Photographers on Safari are always looking for new venues that will provide new & different photographic opportunities for their clients. Photographing Birds of Prey on Holy Island in Northumberland is certainly very much in contrast to the more commonly used countryside locations. The resulting photographs will offer a refreshingly new bias to your existing collection. You may well also learn some new photographic techniques during your time here. Our subjects will all be British birds, although not all of them would be naturally found on the Island.
Why choose Holy Island
Holy Island, also known as Lindisfarne, is a delightful, unspoiled, historic island that attracts over 650,000 visitors a year. It is steeped in history and has an outstandingly beautiful castle and some spectacular coastal scenery. Just 160 people live here, and the venue has extremely busy periods as well as very quiet periods. By reading the paragraph below, you will see that we have carefully chosen the very quite periods. These occur during the middle of the day in two-week cycles.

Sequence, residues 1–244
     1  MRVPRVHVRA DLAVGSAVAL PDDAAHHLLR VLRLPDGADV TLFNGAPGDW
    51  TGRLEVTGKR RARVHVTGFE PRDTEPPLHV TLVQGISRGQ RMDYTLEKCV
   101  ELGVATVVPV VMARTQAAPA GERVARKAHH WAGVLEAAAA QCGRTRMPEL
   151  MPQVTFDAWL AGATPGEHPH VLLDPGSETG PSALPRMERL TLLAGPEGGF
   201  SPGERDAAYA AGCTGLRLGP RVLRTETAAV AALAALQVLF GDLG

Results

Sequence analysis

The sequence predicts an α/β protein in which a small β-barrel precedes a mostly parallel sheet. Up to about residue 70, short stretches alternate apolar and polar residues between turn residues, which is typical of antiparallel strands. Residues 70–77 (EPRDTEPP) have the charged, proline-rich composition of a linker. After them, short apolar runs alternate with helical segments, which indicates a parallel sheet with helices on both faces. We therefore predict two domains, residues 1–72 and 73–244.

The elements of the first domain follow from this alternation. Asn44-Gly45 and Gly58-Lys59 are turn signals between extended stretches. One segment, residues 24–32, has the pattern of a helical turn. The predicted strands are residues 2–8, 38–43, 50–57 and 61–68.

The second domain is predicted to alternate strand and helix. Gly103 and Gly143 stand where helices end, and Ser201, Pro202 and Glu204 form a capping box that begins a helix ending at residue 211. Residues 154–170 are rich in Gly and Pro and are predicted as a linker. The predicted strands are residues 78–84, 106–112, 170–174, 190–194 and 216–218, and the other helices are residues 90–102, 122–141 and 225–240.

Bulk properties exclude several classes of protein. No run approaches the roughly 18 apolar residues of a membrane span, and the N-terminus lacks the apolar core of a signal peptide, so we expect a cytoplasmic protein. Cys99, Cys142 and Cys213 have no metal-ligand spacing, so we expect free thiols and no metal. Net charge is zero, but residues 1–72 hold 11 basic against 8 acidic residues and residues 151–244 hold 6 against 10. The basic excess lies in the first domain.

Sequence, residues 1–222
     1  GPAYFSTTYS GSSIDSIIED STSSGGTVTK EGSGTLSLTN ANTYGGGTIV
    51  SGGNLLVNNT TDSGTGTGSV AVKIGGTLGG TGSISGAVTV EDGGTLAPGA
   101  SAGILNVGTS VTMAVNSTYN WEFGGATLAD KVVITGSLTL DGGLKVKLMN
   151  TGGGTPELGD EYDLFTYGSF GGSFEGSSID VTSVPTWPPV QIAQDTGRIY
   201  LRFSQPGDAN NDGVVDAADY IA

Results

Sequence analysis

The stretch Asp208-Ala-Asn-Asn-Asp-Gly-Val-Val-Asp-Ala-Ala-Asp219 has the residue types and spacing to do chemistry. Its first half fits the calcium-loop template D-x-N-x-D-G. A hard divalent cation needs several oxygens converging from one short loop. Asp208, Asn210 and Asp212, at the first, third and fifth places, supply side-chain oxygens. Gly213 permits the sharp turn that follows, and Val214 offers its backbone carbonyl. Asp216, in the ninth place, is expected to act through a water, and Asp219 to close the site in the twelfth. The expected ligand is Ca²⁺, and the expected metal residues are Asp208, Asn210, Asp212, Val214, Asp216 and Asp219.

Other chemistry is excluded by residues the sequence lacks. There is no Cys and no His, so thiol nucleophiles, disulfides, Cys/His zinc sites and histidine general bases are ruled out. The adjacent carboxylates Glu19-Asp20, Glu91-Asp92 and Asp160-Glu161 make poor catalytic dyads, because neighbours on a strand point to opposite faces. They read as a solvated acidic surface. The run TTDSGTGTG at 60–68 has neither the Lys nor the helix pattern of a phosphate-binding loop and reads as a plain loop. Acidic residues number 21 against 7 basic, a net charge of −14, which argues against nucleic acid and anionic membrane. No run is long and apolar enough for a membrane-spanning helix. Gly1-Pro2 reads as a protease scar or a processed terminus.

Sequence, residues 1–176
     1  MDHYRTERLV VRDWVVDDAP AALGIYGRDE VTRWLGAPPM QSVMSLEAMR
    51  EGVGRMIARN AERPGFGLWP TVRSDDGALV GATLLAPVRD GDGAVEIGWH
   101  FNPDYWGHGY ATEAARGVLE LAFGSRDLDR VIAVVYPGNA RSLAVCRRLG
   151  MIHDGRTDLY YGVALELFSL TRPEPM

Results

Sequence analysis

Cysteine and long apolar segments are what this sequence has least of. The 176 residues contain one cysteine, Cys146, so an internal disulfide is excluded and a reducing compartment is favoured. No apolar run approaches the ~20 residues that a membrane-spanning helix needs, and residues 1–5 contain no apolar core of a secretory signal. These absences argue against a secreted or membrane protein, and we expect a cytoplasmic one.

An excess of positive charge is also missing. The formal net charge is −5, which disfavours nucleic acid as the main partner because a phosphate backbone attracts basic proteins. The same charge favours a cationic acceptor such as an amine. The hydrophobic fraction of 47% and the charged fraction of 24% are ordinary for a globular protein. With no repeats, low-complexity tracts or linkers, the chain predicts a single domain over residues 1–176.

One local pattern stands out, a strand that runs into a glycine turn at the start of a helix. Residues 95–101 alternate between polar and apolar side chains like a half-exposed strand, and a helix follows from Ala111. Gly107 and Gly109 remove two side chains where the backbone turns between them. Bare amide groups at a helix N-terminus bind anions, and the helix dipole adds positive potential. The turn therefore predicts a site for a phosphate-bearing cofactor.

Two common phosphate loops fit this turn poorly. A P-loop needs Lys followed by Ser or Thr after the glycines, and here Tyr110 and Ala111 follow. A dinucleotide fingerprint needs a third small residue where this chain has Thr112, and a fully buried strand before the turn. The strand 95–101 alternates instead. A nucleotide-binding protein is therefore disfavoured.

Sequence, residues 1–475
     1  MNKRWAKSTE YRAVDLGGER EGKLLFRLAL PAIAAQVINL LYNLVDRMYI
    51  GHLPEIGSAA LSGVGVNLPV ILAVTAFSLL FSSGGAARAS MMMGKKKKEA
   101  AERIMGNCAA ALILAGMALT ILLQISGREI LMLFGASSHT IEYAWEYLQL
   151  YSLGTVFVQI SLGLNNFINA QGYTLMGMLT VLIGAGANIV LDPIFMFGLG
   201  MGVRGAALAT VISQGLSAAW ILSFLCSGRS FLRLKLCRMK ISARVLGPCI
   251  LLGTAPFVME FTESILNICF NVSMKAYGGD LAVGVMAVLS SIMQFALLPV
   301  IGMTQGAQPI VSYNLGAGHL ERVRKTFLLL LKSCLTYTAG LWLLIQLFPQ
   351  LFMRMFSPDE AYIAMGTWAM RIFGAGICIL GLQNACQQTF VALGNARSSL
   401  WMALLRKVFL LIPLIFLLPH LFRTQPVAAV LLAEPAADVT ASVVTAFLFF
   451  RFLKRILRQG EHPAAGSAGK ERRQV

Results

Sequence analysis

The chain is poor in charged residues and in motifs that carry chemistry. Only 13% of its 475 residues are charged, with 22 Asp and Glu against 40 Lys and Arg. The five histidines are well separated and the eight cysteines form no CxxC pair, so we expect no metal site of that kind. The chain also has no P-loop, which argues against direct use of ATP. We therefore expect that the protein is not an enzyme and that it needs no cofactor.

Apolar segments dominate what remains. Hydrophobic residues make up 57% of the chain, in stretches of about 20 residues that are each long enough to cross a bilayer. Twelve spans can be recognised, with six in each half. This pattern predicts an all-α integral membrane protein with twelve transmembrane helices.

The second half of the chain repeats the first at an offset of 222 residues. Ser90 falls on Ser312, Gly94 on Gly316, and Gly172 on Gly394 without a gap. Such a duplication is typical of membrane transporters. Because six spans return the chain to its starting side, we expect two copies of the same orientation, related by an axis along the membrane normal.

We will take a Short-Eared Owl across to the island and our workshop will begin by photographing this stunning bird in the dunes area. Short Eared Owls live on Lindisfarne throughout the year, so your photographs will have a truly authentic feel to them. Wild Short Eared Owls can sometimes be spotted perching on posts or trees amongst the Marram grass around the dunes. They often frequent this area and it is here that we will choose for our natural settings. Captive Short Eared Owls are very few and far between, so it is quite rare to get the opportunity to photograph these birds in truly authentic surroundings. We will spend a considerable amount of time with this very special bird before moving on to the main part of the island where we will continue with our other species.
Access to the Island